- Iron-deficiency anemia is common in patients with chronic kidney disease (CKD) not requiring kidney replacement therapy (KRT). We evaluated effects of oral iron replacement therapy with ferric maltol in these patients.
- Erythropoiesis-stimulating agents (ESAs) increase hemoglobin levels, reduce transfusion requirements, and have been the standard of treatment for anemia in patients with chronic kidney disease (CKD) since 1989. Many safety concerns have emerged regarding the use of ESAs, including an increased occurrence of cardiovascular events and vascular access thrombosis. Hypoxia-inducible factor (HIF) prolyl hydroxylase (PH) enzyme inhibitors are a new class of agents for the treatment of anemia in CKD. These agents work by stabilizing the HIF complex and stimulating endogenous erythropoietin production even in patients with end-stage kidney disease.
- Hemodialysis patients with erythropoiesis-stimulating agent (ESA) hyporesponsiveness have been a topic of active research. However, there have been no studies of ESA hyporesponsiveness among US patients following the dramatic change in anemia management that resulted from the 2011 changes in ESA product labeling and bundling of dialysis remuneration.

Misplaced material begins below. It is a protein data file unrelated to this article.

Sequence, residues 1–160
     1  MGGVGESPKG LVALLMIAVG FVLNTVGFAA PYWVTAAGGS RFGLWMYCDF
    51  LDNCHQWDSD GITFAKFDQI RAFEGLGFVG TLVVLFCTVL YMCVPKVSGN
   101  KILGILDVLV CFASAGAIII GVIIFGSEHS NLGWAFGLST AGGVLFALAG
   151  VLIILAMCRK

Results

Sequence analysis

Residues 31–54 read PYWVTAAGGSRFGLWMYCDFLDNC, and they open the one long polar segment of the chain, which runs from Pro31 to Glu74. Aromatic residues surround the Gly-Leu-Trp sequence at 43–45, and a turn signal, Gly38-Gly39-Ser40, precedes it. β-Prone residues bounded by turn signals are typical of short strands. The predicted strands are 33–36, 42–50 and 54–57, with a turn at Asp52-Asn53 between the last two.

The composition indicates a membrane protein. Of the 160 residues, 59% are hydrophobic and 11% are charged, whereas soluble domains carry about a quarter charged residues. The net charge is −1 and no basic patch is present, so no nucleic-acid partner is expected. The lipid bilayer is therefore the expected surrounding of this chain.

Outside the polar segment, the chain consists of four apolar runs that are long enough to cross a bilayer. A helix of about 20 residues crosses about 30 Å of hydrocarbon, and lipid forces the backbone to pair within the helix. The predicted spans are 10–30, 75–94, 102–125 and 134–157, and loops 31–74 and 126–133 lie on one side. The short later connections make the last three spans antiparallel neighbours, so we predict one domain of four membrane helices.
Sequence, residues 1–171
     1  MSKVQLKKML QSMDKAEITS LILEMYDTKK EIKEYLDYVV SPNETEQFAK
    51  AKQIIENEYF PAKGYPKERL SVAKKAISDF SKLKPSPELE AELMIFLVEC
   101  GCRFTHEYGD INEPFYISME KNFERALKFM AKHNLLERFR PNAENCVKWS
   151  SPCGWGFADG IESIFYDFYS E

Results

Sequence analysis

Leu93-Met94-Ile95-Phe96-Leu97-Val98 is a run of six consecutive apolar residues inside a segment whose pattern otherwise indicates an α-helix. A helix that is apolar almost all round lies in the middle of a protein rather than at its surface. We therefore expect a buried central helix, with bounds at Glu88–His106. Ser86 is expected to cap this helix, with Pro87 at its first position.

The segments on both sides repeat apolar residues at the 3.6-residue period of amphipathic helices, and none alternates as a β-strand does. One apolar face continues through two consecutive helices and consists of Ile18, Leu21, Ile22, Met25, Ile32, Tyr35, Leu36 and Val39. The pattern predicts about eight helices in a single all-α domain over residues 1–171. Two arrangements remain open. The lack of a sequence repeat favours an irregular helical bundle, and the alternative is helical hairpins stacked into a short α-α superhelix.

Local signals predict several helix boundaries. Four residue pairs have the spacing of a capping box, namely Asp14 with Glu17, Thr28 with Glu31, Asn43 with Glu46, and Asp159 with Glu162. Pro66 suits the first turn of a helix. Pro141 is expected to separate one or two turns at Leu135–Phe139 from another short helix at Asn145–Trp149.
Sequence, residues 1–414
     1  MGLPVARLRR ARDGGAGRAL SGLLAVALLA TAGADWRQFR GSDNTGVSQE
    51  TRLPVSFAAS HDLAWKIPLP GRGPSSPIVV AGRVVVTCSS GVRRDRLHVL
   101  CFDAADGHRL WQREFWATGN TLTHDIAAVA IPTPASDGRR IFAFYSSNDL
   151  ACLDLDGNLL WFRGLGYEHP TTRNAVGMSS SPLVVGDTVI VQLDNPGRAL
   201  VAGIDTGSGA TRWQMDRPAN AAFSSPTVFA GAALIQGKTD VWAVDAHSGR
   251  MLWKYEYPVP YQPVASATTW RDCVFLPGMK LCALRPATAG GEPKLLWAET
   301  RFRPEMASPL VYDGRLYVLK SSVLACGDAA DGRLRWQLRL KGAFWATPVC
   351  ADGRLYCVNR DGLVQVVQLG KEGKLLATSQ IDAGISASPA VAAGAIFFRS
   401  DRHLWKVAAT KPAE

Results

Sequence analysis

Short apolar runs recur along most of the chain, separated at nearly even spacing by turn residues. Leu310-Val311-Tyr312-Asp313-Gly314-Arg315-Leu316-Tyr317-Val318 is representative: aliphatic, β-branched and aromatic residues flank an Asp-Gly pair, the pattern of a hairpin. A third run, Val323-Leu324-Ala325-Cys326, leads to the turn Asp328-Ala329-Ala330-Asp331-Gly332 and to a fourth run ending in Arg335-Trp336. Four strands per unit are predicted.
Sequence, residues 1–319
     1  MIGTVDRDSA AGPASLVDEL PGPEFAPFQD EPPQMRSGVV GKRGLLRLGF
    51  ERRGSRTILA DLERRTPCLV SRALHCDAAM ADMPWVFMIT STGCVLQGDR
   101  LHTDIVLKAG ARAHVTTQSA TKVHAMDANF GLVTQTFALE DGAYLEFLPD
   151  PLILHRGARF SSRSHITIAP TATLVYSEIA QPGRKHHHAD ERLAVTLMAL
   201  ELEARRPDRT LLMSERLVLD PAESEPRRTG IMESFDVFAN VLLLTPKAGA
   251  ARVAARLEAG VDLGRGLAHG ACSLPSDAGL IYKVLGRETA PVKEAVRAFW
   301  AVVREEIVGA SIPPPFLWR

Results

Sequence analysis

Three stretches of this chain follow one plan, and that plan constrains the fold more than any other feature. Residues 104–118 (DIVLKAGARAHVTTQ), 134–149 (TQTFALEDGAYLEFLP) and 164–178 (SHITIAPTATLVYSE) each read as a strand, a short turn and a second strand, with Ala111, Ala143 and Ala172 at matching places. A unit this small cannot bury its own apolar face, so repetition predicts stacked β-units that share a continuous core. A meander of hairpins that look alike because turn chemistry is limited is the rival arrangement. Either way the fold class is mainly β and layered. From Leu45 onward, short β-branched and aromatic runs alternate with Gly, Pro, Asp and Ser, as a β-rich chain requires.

- Atypical hemolytic uremic syndrome (aHUS) is a rare genetic life-threatening disease of chronic uncontrolled complement activation leading to thrombotic microangiopathy (TMA) and severe end-organ damage. Eculizumab, a terminal complement inhibitor approved for aHUS treatment, was reported to improve hematologic and renal parameters in 2 prior prospective phase 2 studies. This is the largest prospective study of eculizumab in aHUS to date, conducted in an adult population.
- Anemia associated with chronic kidney disease (CKD) often requires treatment with recombinant human erythropoietin (EPO). Hypoxia-inducible factor−prolyl hydroxylase inhibitors (PHIs) stimulate endogenous EPO synthesis and induce effective erythropoiesis by non-EPO effects. GSK1278863 is an orally administered small-molecule PHI.
- Iron deficiency anemia and serum phosphate levels > 4.0 mg/dL are relatively common in chronic kidney disease stages 3 to 5 and are associated with higher risks of progressive loss of kidney function, cardiovascular events, and mortality.